6 Section IX: Reconciliation 71 A. Reconcile the General Ledger/Checkbook Register 79 with the Client Ledgers B. Reconcile the General Ledger/Checkbook Register 79 with the Bank Statement C. Calculate the Adjusted Balance 82 D. Trust Reconciliation Sheet 82 Section X: Internal Controls 83 A. The Need For Control 83 B. Diversification of Financial Functions 83 C. Exercising Control of Records 84 D. Exercising Control Over Employees Hiring 2. Instruction 3. Supervision E. Process 86 F. Billing Clients Regularly 86 G. Separate Trust Accounts For Lawyers in Same Firm 86 H. Insurance The Ultimate Control 86 Section XI: Random Trust Account Examinations 88 Section XII: Other Relevant Trust Account Topics 89 A. Abandoned Property/Funds 89 B. Trust Account Overdraft Notification 90 C. Closing a Client Trust Account 91 D. Death or Disability and the Client Trust Bank Account 92 E. Fraud 94 F. Credit Cards and IRS Section 6050W 97 Section XIII: The Mechanics of a Trust Account Investigation 98 A. Why the Investigation Begins 98 B. What Happens During the Examination 99 Section XIV: Frequently Asked Questions 102 iii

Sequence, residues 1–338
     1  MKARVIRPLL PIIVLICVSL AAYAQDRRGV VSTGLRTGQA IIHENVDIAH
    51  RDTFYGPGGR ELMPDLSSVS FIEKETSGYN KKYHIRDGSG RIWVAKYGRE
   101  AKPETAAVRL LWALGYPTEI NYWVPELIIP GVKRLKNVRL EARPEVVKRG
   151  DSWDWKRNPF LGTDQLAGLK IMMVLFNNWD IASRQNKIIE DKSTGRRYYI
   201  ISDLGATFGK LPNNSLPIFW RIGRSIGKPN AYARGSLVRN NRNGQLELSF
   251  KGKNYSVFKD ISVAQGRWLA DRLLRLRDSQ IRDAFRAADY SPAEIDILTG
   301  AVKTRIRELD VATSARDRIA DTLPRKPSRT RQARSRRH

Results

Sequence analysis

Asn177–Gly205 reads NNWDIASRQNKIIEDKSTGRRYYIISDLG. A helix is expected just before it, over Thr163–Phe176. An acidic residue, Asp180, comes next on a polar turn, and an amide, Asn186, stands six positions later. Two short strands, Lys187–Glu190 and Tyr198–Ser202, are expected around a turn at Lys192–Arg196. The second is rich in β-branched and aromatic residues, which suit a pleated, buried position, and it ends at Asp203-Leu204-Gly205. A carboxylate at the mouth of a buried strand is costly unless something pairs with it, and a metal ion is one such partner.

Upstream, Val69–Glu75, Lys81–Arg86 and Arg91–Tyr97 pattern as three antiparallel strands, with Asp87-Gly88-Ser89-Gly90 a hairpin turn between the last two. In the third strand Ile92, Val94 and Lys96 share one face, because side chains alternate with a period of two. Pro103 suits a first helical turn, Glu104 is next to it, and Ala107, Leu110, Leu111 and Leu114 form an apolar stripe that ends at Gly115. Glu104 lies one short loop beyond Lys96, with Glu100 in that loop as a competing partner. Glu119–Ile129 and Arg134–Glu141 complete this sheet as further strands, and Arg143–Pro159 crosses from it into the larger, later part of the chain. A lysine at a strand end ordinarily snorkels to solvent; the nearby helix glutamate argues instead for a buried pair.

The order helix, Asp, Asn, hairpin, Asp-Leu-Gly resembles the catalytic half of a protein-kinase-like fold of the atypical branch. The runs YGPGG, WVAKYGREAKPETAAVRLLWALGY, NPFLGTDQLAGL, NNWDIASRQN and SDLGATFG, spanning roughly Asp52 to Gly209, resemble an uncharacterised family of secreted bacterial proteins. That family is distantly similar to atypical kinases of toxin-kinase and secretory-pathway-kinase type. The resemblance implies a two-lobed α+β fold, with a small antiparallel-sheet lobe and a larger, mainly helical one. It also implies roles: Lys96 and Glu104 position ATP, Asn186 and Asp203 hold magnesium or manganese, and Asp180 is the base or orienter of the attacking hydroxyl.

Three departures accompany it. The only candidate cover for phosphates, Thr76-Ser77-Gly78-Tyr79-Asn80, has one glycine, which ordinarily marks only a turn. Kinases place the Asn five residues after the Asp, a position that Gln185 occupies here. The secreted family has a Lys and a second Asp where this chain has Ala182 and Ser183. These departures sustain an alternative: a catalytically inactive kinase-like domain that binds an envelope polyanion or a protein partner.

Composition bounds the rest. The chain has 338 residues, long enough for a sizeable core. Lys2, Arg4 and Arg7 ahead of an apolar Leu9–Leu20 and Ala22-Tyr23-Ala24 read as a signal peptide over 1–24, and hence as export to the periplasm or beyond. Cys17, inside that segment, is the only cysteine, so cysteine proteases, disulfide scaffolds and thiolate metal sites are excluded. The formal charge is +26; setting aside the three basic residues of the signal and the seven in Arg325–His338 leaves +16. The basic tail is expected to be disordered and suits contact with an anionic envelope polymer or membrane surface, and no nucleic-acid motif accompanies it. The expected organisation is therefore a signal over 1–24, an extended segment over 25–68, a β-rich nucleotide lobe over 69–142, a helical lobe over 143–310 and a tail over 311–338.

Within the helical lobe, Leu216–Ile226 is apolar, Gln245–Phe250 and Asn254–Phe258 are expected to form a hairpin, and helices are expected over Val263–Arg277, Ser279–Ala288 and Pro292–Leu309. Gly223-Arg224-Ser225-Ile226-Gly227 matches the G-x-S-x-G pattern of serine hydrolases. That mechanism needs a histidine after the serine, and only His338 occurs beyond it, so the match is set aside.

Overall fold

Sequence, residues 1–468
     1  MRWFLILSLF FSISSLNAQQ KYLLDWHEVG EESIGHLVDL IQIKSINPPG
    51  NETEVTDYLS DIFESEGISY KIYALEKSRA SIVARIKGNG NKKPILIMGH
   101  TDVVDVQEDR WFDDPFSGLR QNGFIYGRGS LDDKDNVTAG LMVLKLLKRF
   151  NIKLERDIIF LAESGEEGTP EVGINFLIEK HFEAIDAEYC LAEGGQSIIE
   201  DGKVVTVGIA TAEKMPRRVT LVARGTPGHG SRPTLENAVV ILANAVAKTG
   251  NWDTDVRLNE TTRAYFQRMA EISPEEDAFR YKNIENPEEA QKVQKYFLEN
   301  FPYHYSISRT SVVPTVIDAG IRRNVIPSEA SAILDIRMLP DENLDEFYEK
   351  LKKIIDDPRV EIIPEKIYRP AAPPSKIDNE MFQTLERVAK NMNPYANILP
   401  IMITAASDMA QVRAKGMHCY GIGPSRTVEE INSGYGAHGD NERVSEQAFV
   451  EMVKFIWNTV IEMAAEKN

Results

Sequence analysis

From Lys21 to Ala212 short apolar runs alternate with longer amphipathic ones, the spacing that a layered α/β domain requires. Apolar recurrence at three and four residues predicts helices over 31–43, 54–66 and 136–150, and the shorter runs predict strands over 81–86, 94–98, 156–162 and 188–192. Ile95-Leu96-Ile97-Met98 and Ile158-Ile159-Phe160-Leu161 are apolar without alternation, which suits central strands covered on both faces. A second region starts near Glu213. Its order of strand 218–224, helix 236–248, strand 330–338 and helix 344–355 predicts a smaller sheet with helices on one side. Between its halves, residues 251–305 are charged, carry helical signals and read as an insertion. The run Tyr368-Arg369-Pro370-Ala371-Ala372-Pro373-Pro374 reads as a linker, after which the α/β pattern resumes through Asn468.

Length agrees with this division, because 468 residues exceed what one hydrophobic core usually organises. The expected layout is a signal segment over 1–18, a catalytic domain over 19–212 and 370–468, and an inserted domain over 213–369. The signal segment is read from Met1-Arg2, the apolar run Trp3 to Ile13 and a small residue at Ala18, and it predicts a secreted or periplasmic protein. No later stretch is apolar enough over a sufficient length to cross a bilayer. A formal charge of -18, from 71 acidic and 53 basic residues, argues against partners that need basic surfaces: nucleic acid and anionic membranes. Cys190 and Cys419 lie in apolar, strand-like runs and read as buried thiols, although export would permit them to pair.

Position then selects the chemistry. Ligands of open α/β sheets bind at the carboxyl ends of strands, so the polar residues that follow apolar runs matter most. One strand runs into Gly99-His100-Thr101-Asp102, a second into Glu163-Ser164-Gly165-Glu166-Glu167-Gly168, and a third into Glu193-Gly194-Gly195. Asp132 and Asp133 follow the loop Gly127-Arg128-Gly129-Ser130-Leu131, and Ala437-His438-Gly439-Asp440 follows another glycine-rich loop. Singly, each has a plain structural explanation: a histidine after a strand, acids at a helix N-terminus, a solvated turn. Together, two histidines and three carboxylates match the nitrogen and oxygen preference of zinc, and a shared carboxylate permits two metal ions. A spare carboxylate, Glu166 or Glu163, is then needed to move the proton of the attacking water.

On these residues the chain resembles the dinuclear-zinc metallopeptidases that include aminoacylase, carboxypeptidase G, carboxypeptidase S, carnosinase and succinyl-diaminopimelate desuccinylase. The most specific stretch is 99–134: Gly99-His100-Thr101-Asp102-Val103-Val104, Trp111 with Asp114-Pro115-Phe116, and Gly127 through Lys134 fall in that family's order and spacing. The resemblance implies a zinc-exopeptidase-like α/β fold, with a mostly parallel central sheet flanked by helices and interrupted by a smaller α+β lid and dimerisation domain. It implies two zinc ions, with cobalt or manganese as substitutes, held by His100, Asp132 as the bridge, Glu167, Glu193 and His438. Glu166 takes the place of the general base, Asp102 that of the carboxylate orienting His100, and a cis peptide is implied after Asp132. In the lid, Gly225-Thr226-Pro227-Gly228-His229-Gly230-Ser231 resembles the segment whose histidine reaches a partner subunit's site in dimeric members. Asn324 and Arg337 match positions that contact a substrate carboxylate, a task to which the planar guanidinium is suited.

7 Appendices Appendix A: Appendix B: Arizona Rules of Professional Conduct, Rule 42, ER 1.15 and Rule 43, Ariz. R. Sup. Ct. Example Forms A. Deposit Slip for One Client B-1 B. Deposit Slip for Multiple Clients B-2 C. Deposit Log B-3 D. Trust Account Check B-4 E. Individual Client Ledger B-5 F. Administrative Funds/Bank Charges Ledger B-6 G. General Ledger B-7 H. Checkbook Register B-8 I. Three-Ring Trust Checkbook B-9 J. Three-Way Reconciliation B-10 K. Sample Fee Agreements B-11 L. Types of Fees B-12 M. Explanation of Fee Agreement Terms B-14 N. Sample Contingent Fee Agreement B-17 O. Sample Hourly Fee Agreement B-20 P. Sample Flat Fee Agreement B-23 Q. Sample Flat Fee and Hourly Agreement B-25 R. Sample Miscellaneous Fee Agreement Provisions B-28 S. Notice to Financial Institution, Instructions, B-35 Enrollment Form Appendix C: Practical Suggestions from State Bar Trust Account Examiners iv